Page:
Economic transformation and job creation: How far are we from the targets of the NDP?
Fixed investment can help stimulate economic growth and job creation — but environmental sustainability is just as important
A question we often get in response to the recently published National Development Plan (NDP) assessment report is — in what direction is SA trending? Are things worse or better today than when the NDP was published in 2012?
One cannot draw an average across different objectives, but perhaps the metrics that give the closest approximation are economic growth and job creation. Both of these outcomes are dependent on achieving many of the other NDP goals. Citizens need access to quality healthcare to be part of a productive labour force.
Good education is needed to equip the labour force with the necessary skills. A capable and ethical state is a prerequisite for policy certainty, which translates into business and consumer confidence — both necessary inputs into economic growth, which creates jobs.
Over the past five years, the SA economy has been growing at a slower rate than the population. Between 2015 and 2019 (before the Covid-19 pandemic), the population grew by an average of 1.4% per annum. In comparison, the average annual economic growth rate in real terms over the same period was 0.8%. As a result, the average South African has become poorer.
Growth has been far below the target of 5.4% the NDP envisaged SA should average between 2011 and 2030. The country was, therefore, sliding backwards even before the onset of the pandemic.
The pandemic has made matters even worse. SA’s economy in 2020 was 7% smaller than in 2019. The Bureau for Economic Research’s (BER) most recent growth forecast for 2021 is for the economy to grow at 3.7%, but bear in mind the base effect: even if GDP remains at the same level as in the fourth quarter of 2020 for each of the four quarters of 2021, the economy will still have grown by 2.8% in the 2021 calendar year.
In 2019, investment amounted to 20% of GDP — 14% by the private sector and 6% by the state — and was far below the 30% target of the National Development Plan
To eliminate poverty and make inroads in reversing the effects of decades of racial exclusion, economic growth must increase. However, now more than ever, economic growth must be sustainable and inclusive. With an unemployment rate of 28.7% in 2019 — which increased to 32.5% in the last quarter of 2020 — higher economic growth alone won’t suffice. The NDP envisaged an unemployment rate of 14% for 2020; unfortunately we have missed that target by miles.
Fixed investment can help stimulate economic growth and job creation. The public sector (specifically network industries), as well as the private sector (particularly to increase the output of the non-mineral tradeable sectors), need to play a role. In 2019, investment amounted to 20% of GDP — 14% by the private sector and 6% by the state — and was far below the 30% target of the NDP.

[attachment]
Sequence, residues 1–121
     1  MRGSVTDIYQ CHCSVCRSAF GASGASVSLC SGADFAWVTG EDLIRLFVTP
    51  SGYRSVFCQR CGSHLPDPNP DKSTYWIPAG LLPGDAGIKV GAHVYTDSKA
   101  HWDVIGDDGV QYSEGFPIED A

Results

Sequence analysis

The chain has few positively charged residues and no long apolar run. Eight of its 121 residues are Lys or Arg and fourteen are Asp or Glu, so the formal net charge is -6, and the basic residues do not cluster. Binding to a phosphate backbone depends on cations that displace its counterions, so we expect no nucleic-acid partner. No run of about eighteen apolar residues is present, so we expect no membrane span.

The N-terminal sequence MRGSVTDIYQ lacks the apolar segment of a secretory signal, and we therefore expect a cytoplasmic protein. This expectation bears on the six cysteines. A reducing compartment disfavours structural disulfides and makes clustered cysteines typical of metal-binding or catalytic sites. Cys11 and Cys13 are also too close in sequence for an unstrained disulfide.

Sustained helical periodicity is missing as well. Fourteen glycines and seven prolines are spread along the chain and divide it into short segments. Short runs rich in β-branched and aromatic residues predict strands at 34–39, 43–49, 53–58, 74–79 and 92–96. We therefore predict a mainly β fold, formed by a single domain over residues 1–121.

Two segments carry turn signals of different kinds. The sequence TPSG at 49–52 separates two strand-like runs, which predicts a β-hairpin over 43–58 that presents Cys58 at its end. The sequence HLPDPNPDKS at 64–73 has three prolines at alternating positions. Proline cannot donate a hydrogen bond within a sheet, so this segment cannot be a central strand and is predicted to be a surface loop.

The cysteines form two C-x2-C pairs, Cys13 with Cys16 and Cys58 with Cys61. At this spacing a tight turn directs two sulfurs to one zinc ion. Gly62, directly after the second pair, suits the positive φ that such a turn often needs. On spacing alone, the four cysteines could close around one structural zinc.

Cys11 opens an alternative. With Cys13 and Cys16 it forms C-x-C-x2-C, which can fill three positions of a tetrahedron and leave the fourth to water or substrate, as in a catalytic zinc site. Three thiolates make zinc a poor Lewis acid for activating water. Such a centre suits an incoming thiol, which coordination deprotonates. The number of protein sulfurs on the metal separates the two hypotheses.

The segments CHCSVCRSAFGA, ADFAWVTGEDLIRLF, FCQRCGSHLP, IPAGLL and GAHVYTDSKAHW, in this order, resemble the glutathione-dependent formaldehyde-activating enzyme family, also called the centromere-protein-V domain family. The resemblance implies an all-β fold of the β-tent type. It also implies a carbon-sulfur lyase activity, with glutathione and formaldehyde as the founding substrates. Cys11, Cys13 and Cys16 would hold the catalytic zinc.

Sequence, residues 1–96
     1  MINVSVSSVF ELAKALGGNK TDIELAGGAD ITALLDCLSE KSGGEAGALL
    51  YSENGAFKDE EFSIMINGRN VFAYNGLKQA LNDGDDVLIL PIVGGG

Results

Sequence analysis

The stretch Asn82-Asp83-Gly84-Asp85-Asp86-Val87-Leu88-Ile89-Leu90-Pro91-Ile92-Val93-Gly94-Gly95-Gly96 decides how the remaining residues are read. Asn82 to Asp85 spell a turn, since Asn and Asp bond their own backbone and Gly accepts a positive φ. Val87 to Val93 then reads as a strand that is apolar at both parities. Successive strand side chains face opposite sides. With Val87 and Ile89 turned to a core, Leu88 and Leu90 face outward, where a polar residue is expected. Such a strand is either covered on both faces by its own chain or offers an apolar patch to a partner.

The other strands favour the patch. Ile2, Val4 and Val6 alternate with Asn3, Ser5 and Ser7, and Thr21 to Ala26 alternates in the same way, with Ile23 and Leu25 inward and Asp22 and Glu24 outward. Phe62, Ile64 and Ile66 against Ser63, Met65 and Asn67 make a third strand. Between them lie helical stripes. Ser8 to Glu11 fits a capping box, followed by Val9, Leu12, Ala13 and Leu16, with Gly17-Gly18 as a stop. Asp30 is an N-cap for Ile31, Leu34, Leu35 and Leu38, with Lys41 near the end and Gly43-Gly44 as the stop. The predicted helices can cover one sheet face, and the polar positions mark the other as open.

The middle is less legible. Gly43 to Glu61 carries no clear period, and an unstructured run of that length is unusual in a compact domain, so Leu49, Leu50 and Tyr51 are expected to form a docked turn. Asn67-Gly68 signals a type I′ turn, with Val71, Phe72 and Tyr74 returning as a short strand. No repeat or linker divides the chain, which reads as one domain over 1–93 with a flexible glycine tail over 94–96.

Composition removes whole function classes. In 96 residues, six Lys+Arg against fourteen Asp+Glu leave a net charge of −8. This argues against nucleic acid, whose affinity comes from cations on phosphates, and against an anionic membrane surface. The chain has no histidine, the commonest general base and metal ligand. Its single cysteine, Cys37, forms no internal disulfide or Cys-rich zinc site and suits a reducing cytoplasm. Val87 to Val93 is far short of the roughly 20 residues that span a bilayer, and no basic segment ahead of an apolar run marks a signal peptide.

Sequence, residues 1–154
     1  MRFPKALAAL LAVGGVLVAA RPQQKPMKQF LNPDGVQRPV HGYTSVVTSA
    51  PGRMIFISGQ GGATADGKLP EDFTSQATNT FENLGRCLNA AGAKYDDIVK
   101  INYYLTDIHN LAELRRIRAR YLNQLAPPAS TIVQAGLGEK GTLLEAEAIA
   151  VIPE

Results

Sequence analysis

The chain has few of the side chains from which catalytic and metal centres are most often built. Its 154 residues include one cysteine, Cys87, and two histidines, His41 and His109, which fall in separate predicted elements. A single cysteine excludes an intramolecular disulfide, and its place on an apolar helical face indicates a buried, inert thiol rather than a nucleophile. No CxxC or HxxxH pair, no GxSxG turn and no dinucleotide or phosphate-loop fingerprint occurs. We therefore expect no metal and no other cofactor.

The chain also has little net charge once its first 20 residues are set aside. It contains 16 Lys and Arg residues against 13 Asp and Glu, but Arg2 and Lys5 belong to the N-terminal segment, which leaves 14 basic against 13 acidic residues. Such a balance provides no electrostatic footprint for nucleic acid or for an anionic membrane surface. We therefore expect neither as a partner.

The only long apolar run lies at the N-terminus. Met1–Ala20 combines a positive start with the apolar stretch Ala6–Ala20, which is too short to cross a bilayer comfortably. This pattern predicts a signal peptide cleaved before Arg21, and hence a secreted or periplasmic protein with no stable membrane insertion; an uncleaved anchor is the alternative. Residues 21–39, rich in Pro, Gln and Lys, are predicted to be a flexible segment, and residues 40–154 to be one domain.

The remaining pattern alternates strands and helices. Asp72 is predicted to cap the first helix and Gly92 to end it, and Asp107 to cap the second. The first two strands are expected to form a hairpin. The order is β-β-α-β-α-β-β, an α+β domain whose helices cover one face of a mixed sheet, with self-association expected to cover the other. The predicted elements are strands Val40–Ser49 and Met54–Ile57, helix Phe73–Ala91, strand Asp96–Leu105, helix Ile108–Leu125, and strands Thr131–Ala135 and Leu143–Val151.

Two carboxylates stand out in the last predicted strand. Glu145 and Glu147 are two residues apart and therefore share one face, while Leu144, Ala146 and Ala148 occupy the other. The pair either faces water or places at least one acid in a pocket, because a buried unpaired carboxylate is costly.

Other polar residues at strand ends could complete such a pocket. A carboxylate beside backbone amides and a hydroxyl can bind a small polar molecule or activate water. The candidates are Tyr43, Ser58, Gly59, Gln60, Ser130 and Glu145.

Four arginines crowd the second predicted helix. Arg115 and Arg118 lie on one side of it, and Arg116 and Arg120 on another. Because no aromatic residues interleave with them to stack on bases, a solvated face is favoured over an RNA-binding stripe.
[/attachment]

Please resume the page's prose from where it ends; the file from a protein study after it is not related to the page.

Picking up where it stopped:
Other key NDP proposals to boost inclusive growth are to increase exports; hire more young, unskilled work-seekers; raise savings and investment through fiscal policy; lower the cost of transport and logistics; and strengthen the social wage. The NDP foresees that many jobs would be created in the services sector and in domestic-orientated activities.
It also notes that “some 90% of jobs will be created in small and expanding firms” and that, as a result, as SA expands access to employment a large proportion of working people would receive low pay. This emphasises the importance of strengthening the social wage, which we will consider in a later piece in this series.
Another vital but often overlooked component of economic transformation is environmental sustainability. The economic cost of climate change is becoming increasingly apparent. In the past, these costs were, in many ways, indirect and far removed; this is rapidly changing. Extreme weather events illustrate the direct economic costs of climate change. Impoverished households are especially vulnerable to the physical and economic effects of extreme weather events such as droughts and floods.
An example close to home is the impact the 2017 drought had on the Western Cape’s tourism industry, and those it employed.
The NDP highlights the need for environmental sustainability and achieving an equitable transition to a low-carbon economy — the “just energy transition”. SA’s efforts to help mitigate climate change can contribute to the goals of economic transformation and job creation.
The NDP sets a target for 20GW of electricity to be generated from renewable sources by 2030. In 2019, SA’s power generation capacity from renewable energy was 6.5GW (compared to close to 38GW from coal). The 11.8GW to be procured from independent power producers (IPPs), gazetted in September last year, brings us closer to that target.
Investing in renewables is not only crucial from an environmental perspective but also for economic growth. Eskom’s energy availability factor (EAF) — which measures its electricity production as a share of the maximum that could have been produced — has been declining since 2017.
The Integrated Resource Plan sets an EAF target of 75%; in 2020, Eskom missed this target by 10 percentage points. Investment in additional capacity, such as through the Risk Mitigation IPP Programme and the Renewable Energy IPP Procurement Programme will help address our energy crisis and, through attracting investment, stimulate economic activity. But for that to happen we urgently need to move beyond the planning phase and into operation. Only then can we begin to alleviate the plight of the 7.2-million South Africans unable to find jobs.
• Fourie is a senior economist and Kershoff deputy director at the Bureau for Economic Research. This is the second instalment in a series on SA’s progress towards the 2030 goals of the NDP.
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